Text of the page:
Performance troubleshooting

This FAQ answers common questions about OnCommand Insight performance troubleshooting.

How can I create a list of all the greedy “bully” resources in my environment?

OCI's correlation analytics help with identification of greedy and degraded resources for a “specified” service path. The correlation feature's generated analysis is performed in real time while viewing each object. The analysis provided greatly reduces the time necessary for troubleshooting performance issues and identifying root cause. Exploring generated violations of defined performance policies are one point of entry to discovering greedy or degraded resources. OCI's anomaly detection capabilities may also be used as a more proactive approach to identifying an application infrastructure's greedy or degraded resources before they become service disruptions. Both widgets and dashboards using the latest query capability help to filter, sort and visualize resources with higher than expected IOPS (greedy), Utilization or Latency.

Can OCI give one place to diagnose performance problems?

Yes. Performance Troubleshooting in OCI can be approached in multiple ways. OCI has a number of alerting methods possible. SNMP, Syslog and emailed Alerts are used commonly. Emailed Alerts allow users to quickly click and launch to the impacted resources within OCI. A global search window allows administrators to simply type in a resource name to begin analyzing the situation.

OCI's Violation Dashboard allows users to prioritize efforts based on the number of events, the duration and the time of day. An example of various alerting types would be Latency, IOPS, Utilization, Severity, business unit or even associated application.

OCI's correlation analytics helps administrators compare objects associated with the impacted resource and determines their impact to IOPS, Latency, Utilization, CPU and BB credits.

OCI's latest advances in anomaly detection and ethernet monitoring provide a more aggressive and proactive approach to detecting deviating resource behaviors before they become service disruptions or outages.

OCI's Query technology and Widget dashboards allows for pinpoint specifics in organized views that targets problem areas within the Datacenter.

Can OCI help with my 7-mode to cDOT migrations?

Yes, OCI provides an invaluable understanding for existing workload demand and post migration validations. OCI’s role in modernizing today’s datacenter allows for change management simulations, pre-migration optimization planning and defining the right tier of service. OCI effortlessly collects and correlates the business impact across thousands of NFS shares and Fibre channel paths in multi-vendor environments with just a few clicks. From migration to tech refreshes, OCI is providing a pathway to reliable, right-sized migrations and mitigating unplanned service disruptions.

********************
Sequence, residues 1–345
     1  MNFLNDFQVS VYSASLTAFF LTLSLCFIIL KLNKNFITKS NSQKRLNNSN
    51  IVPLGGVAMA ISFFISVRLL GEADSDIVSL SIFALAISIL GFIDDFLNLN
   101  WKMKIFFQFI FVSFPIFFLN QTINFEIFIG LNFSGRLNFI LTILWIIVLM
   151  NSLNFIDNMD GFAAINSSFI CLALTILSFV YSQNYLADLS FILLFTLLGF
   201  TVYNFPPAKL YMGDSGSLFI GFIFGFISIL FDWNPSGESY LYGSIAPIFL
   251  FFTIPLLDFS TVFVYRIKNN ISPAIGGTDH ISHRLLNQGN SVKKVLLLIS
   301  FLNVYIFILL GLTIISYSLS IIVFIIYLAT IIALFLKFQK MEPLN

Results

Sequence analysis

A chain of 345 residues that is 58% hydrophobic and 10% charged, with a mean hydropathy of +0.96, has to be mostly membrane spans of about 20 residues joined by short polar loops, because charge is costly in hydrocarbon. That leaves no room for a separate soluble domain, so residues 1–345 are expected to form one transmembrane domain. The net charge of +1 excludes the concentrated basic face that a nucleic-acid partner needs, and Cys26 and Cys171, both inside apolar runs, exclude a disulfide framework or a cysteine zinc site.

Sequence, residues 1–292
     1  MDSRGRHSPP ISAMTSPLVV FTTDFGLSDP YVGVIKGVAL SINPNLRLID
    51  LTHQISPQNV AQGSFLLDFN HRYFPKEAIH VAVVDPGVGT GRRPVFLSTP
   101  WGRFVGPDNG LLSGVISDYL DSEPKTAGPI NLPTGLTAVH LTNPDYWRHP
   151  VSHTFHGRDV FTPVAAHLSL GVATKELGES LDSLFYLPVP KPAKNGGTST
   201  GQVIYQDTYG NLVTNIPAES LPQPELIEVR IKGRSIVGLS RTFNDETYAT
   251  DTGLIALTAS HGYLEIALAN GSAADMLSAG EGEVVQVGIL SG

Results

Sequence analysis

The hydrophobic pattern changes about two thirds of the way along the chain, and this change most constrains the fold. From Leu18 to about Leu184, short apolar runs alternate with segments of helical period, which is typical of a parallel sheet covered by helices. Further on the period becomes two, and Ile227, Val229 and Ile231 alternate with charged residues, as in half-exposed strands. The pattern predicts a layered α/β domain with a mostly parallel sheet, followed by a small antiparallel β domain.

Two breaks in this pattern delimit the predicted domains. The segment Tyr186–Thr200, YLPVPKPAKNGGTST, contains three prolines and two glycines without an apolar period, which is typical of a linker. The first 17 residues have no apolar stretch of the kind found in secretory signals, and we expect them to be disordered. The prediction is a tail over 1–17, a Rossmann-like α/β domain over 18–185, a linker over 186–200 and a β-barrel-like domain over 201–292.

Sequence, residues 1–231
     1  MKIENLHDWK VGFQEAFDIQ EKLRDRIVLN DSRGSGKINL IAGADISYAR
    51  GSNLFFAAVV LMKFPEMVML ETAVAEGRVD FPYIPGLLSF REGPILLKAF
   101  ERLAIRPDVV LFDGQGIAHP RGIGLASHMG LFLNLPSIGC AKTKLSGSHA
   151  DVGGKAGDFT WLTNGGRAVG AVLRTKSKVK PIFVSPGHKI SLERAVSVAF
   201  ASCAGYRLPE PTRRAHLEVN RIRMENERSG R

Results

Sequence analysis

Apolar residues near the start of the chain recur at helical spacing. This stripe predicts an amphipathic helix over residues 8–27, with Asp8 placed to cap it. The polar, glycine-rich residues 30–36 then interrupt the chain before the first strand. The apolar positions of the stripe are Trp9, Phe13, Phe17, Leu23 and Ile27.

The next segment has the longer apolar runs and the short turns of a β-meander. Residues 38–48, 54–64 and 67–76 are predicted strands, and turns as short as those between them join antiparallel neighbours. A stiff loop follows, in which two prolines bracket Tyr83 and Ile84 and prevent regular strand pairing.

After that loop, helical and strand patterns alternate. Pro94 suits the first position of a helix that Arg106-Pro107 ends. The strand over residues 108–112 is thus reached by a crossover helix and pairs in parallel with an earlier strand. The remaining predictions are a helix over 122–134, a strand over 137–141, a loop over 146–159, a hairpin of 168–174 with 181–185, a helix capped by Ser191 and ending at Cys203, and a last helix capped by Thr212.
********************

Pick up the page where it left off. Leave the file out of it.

How “real time” is OCI performance monitoring?

OCI is considered near-real-time for both on-premises and hybrid cloud data center management. While polling of data sources can be configured to occur more often, most users don’t get significant analytical benefit from having a performance collection interval for most devices of less than 5 minutes. More frequent collection can put unnecessary burden on the objects under management and the analyses performed. Of course, there may be circumstances where a more granular collection is required, and fortunately OCI allows complete flexibility including configurable device inventory and performance polling intervals to suit your specific data center environment needs.

Why is my "Total" different from my "Read" plus "Write"?

In some instances, you may notice that the Total for a counter is not equal to the sum of Reads plus Writes for that counter. There are a few instances where this could happen.

IOPS: In addition to reads and writes, a storage array or other asset will process internal operations unrelated to the workload data flow. These are sometimes referred to as "system", "metadata", or simply "other" operations, and can be attributed to internal processes such as snapshots, deduplication, or space reallocation. In these cases, to find the amount of system operations for a given asset, subtract the sum of Read and Write IOPS from the Total IOPS. The sum of Read plus Write IOPS is the total IOPS directly related to your data flow.

Latency: The total response time (latency) for an operation can sometimes be reported as less than the write response time, because the total response time is a time-weighted average. I/O workloads will often consist of more read than write operations, with the writes typically observing larger latencies. For example, if a workload performed 10 read operations with an average latency of 5ms, and 5 write operations with an average latency of 10ms, the total weighted average latency will be calculated as the number of reads times the average read latency, plus the number of writes times the average write latency, divided by the total number of I/O operations, e.g. (10 * 5 + 5 * 10) / (10 + 5) = 6.33ms.